802.11n sounds death knell for wired Ethernet

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802.11n sounds death knell for wired Ethernet

Despite security and reliability fears 802.11n wireless technology will start eroding the wired Ethernet market within the next 24 to 36 months, experts predict.

Burton Group senior analyst Paul DeBeasi said in a new report that 802.11n marks the beginning of a "rapid market shift" away from Lan access deployments using traditional wired Ethernet.

"802.11n will put pervasive mobility on the fast track," he said. "So IT professionals should start thinking now about how they will deploy, maintain and benefit from an all-wireless Lan."

Switch trunks and data centre networks will need wired Ethernet for many years to come, according to Burton Group.

But refinements in system silicon, radio design, network control, wireless security and power management will make 802.11n the preferred and dominant Lan access technology in the future.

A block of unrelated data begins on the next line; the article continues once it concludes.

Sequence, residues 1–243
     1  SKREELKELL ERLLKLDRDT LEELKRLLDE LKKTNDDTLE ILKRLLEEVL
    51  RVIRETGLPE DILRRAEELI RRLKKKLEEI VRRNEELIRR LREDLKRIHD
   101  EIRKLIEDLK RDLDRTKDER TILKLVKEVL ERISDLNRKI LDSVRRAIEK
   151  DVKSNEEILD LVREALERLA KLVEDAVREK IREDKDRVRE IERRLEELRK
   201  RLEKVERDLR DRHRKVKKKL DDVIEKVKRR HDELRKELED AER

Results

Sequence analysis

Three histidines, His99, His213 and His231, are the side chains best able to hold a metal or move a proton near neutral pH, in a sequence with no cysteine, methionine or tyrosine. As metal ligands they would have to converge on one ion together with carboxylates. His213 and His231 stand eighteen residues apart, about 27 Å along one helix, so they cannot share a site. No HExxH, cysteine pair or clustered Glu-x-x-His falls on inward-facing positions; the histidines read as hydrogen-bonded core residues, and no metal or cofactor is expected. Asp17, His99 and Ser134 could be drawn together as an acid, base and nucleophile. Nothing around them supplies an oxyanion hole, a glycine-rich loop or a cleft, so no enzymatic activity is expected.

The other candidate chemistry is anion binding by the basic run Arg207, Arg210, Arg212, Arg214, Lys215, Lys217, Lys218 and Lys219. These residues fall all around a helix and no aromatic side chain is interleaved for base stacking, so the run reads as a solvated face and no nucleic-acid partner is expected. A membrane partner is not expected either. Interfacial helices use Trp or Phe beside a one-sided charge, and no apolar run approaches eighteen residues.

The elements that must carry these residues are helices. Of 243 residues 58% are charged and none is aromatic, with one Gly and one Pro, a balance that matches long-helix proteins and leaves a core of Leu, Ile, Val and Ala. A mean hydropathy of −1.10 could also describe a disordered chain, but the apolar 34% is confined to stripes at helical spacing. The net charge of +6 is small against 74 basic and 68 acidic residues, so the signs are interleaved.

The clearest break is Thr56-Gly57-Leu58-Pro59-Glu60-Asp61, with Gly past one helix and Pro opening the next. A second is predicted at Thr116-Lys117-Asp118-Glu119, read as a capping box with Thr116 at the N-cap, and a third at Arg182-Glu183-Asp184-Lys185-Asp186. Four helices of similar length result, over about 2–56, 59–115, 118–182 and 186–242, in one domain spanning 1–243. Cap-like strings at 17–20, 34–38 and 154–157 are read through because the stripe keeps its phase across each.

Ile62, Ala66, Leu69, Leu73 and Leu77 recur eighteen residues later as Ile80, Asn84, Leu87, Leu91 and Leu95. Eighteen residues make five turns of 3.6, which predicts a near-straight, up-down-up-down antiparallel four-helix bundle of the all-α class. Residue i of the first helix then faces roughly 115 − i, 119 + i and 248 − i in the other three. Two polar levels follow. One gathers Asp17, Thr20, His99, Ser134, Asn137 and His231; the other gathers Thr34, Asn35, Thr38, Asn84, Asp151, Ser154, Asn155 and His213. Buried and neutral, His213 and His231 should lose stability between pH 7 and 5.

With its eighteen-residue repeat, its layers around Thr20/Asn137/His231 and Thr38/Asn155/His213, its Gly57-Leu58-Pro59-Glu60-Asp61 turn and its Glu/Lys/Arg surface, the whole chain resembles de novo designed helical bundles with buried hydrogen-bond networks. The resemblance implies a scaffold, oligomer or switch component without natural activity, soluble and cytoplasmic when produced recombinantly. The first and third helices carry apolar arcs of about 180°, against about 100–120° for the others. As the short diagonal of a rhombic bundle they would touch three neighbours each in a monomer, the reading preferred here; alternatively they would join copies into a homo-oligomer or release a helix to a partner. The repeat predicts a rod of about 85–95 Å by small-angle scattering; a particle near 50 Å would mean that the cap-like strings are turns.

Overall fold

Based on Burton Group's comparative analysis, DeBeasi recommends enterprises to consider 802.11n an appropriate Lan access substitute for wired Ethernet in the following circumstances:

  • When the number of laptop users is growing
  • When the enterprise uses mobile applications
  • When Fast Ethernet throughput is good enough
  • When the enterprise deploys VoIP
  • When moves/adds/changes are frequently made
  • When the risk of deliberate denial of service attack is low to moderate
  • When Ethernet cable installation is difficult
"We can analyse the differences between 802.11n and Ethernet with regard to performance, security, manageability, cost and impact on staff," said DeBeasi.

"But the definitive and unalterable competitive advantage that 802.11n has over Ethernet is pervasive mobility."
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